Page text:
Each company approaches these in different ways, but each of these elements are present in every company.

My guess is that most understand 1 & 3 but might question the second. Utilization cubed means that these companies have identified ways to unlock underutilized resources in a dramatic way that their competitors have difficulty copying. As a result they themselves are highly productive or they offer a product or service that enables the downstream supply chain including their end customers to be highly productive.

The first dimension of utilization is simply the effective use of a resource whether it is a person, machine or material. All companies understand this dimension and apply methodologies such as Lean to achieve it. The second dimension of utilization is redesigning jobs to ensure that the skills of people are highly utilized. I write about Walgreen’s and Southwest doing this in my book. The final dimension of utilization is the ability to use crowdsourcing to unlock underutilized resources of others through technology. The most obvious of this is Airbnb leveraging underutilized homes, but there are an increasing number of interesting examples around this.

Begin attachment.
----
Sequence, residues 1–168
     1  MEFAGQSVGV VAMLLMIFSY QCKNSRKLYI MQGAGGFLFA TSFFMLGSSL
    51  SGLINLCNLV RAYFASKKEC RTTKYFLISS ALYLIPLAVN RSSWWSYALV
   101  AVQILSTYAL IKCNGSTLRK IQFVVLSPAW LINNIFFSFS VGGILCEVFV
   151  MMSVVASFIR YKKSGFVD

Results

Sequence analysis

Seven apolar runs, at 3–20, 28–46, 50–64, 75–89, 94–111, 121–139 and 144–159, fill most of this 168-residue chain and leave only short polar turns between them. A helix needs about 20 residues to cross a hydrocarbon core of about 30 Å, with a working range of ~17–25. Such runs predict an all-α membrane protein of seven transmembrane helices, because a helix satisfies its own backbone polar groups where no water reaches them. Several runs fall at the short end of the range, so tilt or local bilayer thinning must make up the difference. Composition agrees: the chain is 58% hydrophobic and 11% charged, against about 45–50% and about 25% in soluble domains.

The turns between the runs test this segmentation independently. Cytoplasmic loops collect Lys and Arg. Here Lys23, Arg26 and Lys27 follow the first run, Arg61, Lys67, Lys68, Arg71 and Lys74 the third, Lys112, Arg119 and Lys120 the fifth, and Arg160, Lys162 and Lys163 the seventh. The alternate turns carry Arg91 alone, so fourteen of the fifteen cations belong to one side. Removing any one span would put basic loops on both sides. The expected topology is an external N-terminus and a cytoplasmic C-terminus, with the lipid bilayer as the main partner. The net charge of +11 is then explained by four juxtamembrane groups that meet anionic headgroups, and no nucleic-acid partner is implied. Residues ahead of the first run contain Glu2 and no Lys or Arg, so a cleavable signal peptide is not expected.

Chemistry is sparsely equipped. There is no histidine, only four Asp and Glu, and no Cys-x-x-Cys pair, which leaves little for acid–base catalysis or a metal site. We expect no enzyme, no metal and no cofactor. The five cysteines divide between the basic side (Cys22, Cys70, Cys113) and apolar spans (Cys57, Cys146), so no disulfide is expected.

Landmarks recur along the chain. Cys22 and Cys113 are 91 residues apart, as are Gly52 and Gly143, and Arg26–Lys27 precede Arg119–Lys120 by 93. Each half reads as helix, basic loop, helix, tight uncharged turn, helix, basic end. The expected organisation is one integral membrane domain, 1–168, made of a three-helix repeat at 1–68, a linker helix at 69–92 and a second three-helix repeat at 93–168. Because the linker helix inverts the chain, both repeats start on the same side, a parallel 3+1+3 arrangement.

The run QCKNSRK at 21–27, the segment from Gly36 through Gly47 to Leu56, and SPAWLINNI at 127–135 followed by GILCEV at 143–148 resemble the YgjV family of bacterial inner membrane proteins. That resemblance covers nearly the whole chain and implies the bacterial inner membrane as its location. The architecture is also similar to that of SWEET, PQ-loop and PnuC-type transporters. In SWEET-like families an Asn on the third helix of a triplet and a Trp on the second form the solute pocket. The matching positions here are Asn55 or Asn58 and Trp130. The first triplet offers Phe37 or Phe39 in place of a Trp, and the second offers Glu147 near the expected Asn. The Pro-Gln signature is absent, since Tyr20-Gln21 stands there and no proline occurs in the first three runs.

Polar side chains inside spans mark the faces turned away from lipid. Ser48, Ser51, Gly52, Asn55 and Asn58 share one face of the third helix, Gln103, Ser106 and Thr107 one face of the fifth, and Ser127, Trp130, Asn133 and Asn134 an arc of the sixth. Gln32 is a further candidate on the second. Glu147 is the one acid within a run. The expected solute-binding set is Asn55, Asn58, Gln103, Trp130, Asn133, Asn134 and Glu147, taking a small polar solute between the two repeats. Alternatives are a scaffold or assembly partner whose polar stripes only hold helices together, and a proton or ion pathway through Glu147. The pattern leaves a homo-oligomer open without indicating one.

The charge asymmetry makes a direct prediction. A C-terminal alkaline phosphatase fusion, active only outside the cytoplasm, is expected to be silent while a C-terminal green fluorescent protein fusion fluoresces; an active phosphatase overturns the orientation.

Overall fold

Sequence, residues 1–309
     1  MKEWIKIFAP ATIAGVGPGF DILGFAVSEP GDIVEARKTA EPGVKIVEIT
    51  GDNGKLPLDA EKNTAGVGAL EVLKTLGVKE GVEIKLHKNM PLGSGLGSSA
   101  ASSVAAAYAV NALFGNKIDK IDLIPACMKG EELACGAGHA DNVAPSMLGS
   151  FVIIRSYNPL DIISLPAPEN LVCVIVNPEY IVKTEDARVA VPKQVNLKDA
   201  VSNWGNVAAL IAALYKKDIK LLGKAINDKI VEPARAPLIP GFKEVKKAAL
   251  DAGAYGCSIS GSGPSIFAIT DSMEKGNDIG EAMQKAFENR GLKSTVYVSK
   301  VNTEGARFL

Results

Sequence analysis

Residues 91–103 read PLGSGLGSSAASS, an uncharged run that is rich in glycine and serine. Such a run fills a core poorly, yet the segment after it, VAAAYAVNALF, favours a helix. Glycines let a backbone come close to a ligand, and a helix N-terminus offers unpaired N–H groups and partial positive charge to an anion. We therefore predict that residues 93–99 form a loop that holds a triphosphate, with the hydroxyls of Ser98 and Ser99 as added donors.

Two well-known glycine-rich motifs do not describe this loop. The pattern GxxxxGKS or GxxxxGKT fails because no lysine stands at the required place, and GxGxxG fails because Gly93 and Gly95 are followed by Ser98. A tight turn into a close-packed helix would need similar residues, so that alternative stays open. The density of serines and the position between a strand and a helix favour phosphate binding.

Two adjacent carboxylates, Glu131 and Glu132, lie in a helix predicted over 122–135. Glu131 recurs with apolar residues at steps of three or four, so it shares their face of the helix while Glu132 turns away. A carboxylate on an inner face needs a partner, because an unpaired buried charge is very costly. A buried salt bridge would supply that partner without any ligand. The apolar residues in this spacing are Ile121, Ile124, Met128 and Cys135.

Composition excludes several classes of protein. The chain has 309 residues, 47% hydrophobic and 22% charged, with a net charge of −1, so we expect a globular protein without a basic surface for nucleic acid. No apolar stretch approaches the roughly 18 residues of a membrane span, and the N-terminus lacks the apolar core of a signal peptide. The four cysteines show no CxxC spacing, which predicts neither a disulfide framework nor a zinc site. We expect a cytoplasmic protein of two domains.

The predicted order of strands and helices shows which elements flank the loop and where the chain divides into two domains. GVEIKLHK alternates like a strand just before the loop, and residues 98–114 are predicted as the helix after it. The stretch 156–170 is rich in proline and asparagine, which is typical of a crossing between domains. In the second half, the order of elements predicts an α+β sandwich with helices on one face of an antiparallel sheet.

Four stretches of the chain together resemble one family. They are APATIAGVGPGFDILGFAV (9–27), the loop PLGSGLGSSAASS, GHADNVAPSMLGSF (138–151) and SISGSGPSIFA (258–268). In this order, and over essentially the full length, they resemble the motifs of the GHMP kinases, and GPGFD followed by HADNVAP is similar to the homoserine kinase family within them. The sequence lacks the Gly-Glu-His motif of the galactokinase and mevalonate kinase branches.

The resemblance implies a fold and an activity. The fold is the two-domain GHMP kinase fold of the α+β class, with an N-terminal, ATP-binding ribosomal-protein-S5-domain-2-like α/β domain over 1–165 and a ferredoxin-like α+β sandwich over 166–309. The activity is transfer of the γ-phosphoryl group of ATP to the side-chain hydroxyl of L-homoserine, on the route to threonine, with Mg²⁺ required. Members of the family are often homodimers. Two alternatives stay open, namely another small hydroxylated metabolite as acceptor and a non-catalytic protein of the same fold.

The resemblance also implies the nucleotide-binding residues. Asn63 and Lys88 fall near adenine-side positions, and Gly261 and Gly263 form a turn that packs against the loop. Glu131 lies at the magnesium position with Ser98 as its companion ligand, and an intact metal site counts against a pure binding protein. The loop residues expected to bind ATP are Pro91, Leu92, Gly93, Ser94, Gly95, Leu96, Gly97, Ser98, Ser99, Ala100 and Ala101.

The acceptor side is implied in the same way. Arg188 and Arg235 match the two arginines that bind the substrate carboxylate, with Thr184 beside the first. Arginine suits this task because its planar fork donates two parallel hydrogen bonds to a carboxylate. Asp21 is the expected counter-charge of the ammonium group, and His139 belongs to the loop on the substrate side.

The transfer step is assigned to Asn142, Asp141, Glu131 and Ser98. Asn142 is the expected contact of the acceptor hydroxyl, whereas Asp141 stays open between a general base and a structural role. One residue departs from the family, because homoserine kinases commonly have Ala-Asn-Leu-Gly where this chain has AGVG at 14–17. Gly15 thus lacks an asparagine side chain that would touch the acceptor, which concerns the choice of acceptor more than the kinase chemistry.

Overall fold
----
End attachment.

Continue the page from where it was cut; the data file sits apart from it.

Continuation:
In researching these areas further, I have found a number of creative examples in each of these areas. I’ll share what I consider good practices in future posts to spark your imagination. If you have any you’d like to share, please let me know.